• Conjugated dienes:

  • Isolated double bonds:


Chapter 13

1,3-Butadiene: Electron Delocalization

7A.Bond Lengths of 1,3-Butadiene

1.47 Å

1.34 Å

sp

sp3

sp3

sp2

sp3

1.46 Å

1.54 Å

1.50 Å


Chapter 13

7B.Conformations of 1,3-Butadiene

trans

single

bond

single

bond

cis


Chapter 13

7C.Molecular Orbitals of 1,3-Butadiene


Chapter 13

The Stability of Conjugated

Dienes

  • Conjugated alkadienes are thermodynamically more stable than isomeric isolated alkadienes.


Chapter 13

Stability due to conjugation:


Chapter 13

Ultraviolet–Visible Spectroscopy

  • The absorption of UV–Vis radiation is caused by transfer of energy from the radiation beam to electrons that can be excited to higher energy orbitals.


Chapter 13

9A.The Electromagnetic Spectrum


Chapter 13

9B.UV–Vis Spectrophotometers


Chapter 13

A

c x ℓ

ore=

  • Beer’s law

A=absorbance

e=molar absorptivity

c=concentration

ℓ=path length

A=e x c x ℓ

  • e.g. 2,5-Dimethyl-2,4-hexadiene

    lmax(methanol) 242.5 nm

    (e = 13,100)


Chapter 13

9C.Absorption Maxima for Nonconjugatedand Conjugated Dienes


Chapter 13

9D. Analytical Uses of UV–Vis Spectroscopy

  • UV–Vis spectroscopy can be used in the structure elucidation of organic molecules to indicate whether conjugation is present in a given sample.

  • A more widespread use of UV–Vis, however, has to do with determining the concentration of an unknown sample.

  • Quantitative analysis using UV–Vis spectroscopy is routinely used in biochemical studies to measure the rates of enzymatic reactions.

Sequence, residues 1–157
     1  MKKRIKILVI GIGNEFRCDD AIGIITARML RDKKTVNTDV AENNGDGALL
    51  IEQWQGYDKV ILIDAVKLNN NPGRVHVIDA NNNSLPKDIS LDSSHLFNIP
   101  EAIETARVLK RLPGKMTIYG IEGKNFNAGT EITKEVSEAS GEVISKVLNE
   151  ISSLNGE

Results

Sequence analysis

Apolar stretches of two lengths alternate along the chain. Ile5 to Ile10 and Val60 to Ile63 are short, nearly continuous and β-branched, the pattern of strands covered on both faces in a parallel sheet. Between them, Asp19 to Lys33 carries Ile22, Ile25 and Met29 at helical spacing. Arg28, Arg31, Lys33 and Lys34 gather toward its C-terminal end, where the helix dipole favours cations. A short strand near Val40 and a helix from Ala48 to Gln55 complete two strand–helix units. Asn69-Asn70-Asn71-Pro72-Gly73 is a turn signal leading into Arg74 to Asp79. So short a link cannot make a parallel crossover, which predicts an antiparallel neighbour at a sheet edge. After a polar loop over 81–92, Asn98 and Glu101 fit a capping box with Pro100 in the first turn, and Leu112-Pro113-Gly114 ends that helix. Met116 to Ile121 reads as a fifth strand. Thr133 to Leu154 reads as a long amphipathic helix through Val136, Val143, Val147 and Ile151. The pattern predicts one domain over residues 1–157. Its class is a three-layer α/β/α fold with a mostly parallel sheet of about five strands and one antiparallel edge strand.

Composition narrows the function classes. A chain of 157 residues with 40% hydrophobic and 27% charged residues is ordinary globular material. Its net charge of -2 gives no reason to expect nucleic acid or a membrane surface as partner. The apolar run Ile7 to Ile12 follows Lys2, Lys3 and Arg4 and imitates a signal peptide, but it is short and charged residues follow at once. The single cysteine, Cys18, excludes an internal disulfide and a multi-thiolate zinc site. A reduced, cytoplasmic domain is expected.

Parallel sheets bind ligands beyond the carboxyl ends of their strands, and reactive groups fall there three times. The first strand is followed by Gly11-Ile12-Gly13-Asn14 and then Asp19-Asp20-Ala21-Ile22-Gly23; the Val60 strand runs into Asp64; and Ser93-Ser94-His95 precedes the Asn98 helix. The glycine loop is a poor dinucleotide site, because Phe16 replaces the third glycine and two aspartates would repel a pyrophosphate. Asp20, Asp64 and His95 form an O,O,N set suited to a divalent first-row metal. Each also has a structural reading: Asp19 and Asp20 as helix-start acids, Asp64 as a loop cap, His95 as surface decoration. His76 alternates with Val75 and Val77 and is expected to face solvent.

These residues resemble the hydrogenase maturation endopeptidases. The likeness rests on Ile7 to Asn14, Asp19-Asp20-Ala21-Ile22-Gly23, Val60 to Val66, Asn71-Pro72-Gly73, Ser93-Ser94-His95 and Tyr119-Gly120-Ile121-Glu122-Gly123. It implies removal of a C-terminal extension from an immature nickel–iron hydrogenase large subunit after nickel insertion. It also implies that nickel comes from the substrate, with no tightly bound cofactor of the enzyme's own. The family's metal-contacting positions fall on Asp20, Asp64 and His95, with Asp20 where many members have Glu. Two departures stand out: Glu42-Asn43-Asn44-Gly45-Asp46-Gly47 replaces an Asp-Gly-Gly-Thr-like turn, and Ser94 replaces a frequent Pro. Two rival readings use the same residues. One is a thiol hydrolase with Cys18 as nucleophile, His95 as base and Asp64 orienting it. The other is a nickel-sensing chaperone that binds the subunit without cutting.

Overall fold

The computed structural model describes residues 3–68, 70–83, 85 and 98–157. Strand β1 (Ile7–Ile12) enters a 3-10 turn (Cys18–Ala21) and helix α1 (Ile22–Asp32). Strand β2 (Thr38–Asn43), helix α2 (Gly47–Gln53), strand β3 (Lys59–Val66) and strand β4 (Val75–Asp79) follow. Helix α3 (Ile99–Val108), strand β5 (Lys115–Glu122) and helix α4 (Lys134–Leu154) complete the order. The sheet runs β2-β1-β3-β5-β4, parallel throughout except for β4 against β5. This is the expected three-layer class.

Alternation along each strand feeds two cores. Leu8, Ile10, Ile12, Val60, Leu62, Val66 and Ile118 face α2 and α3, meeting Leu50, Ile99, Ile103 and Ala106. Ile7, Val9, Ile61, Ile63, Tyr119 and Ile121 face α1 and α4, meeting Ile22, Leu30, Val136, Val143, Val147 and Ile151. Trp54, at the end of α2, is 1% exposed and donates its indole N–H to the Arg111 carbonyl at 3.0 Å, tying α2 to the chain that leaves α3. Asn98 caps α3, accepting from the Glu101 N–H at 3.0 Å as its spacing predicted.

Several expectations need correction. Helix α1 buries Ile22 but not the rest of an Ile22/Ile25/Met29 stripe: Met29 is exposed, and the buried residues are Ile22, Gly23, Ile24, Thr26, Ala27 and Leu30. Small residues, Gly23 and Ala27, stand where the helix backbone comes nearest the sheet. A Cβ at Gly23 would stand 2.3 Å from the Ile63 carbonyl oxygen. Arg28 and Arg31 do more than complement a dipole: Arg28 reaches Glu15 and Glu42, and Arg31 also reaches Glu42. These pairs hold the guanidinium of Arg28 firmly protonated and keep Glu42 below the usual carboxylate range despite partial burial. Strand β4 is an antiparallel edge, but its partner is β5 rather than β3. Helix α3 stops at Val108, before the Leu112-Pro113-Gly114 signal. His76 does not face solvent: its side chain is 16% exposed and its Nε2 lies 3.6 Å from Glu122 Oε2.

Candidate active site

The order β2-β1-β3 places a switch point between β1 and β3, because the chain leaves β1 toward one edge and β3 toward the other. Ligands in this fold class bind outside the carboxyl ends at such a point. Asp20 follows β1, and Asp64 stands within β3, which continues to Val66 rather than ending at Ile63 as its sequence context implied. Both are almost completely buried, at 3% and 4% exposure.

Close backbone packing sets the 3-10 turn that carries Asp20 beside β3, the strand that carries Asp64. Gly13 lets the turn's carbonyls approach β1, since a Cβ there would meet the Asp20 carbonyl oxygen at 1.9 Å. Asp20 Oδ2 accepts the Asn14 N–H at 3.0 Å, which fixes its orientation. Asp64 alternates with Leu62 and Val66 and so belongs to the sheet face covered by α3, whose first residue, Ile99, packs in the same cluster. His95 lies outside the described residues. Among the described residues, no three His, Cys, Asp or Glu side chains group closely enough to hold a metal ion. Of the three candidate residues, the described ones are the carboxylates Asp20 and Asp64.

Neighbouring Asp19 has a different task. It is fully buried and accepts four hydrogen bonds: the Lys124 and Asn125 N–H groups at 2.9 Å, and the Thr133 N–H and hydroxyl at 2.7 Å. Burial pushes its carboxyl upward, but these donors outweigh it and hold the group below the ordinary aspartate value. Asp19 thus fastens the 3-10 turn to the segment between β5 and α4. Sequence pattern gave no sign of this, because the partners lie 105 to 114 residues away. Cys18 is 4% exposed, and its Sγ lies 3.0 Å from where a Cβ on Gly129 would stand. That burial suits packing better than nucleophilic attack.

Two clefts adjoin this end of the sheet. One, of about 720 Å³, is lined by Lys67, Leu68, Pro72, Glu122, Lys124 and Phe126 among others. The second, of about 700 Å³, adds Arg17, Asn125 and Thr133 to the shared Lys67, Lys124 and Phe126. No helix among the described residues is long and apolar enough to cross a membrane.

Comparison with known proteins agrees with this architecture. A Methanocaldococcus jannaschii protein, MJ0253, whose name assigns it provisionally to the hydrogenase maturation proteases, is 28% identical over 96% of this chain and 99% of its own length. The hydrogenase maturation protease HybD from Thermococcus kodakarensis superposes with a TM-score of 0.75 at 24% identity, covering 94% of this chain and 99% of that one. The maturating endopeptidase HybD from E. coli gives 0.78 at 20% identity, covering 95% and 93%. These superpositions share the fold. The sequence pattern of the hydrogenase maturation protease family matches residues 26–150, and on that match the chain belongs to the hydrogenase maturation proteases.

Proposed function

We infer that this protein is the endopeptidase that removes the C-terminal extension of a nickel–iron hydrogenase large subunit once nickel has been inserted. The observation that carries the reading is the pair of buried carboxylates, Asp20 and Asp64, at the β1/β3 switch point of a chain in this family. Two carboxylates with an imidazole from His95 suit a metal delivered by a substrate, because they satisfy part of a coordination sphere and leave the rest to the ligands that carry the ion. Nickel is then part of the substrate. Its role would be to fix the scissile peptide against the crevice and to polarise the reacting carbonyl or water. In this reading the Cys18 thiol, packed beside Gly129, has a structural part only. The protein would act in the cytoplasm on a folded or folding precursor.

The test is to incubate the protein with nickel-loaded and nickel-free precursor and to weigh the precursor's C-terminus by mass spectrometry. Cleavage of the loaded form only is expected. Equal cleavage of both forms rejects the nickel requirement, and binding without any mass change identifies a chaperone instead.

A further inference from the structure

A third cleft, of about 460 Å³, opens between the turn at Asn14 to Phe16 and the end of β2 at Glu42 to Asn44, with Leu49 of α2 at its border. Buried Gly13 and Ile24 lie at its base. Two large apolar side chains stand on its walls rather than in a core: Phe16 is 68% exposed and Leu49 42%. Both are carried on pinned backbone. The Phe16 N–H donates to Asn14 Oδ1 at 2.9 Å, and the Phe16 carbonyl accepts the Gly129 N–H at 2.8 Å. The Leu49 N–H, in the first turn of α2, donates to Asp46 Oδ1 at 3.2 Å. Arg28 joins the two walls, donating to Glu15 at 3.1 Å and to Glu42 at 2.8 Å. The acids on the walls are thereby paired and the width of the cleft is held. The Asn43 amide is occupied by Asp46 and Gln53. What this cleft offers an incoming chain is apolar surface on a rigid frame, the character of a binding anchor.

Chapter 13

Electrophilic Attack on ConjugatedDienes: 1,4 Addition


Chapter 13

  • Mechanism:

X

(a)

(b)


Chapter 13

10A.Kinetic Control versus Thermodynamic Control of a Chemical Reaction


Chapter 13

The 1,4-product is thermodynamically more stable.


Chapter 13

The Diels–Alder Reaction: A 1,4-Cycloaddition Reaction of Dienes


Chapter 13

  • e.g.


Chapter 13

11A.Factors Favoring the Diels–AlderReaction

  • Type A and Type B are normal Diels-Alder reactions


Chapter 13

  • Type C and Type D are Inverse Demand Diels-Alder reactions


Chapter 13

  • Relative rate:


Chapter 13

  • Relative rate:


Chapter 13

  • Steric effects:


Chapter 13

11B.Stereochemistry of the

Diels–Alder Reaction

The Diels–Alder reaction is stereospecific: The reaction is a syn addition, and the configuration of the dienophile is retained in the product.


Chapter 13

The diene, of necessity, reacts in the s-cis rather than in the s-trans conformation.

X


Chapter 13

  • e.g.


Chapter 13

  • Cyclic dienes in which the double bonds are held in the s-cis conformation are usually highly reactive in the Diels–Alder reaction.

  • Relative rate:


Chapter 13

The Diels–Alder reaction occurs primarily in an endo rather than an exo fashion when the reaction is kinetically controlled.

R is exo

longest bridge

R is endo


Chapter 13

  • Alder-Endo Rule:

    • If a dienophile contains activating groups with p bonds they will prefer an ENDO orientation in the transition state.


Chapter 13

  • e.g.


Chapter 13

  • Stereospecific reaction:


Chapter 13

  • Stereospecific reaction:


Chapter 13

  • Examples:


Chapter 13

  • Diene A reacts 103 times faster than diene B even though diene B has two electron-donating methyl groups.


Chapter 13

  • Examples:


Chapter 13

  • Examples

  • Rate of Diene C > Diene D (27 times), but Diene D >> Diene E

  • In Diene C, t-Bu group  electron donating group  increase rate

  • In Diene E, 2 t-Bu group  steric effect, cannot adopt s-cis conformation


Chapter 13

 END OF CHAPTER 13 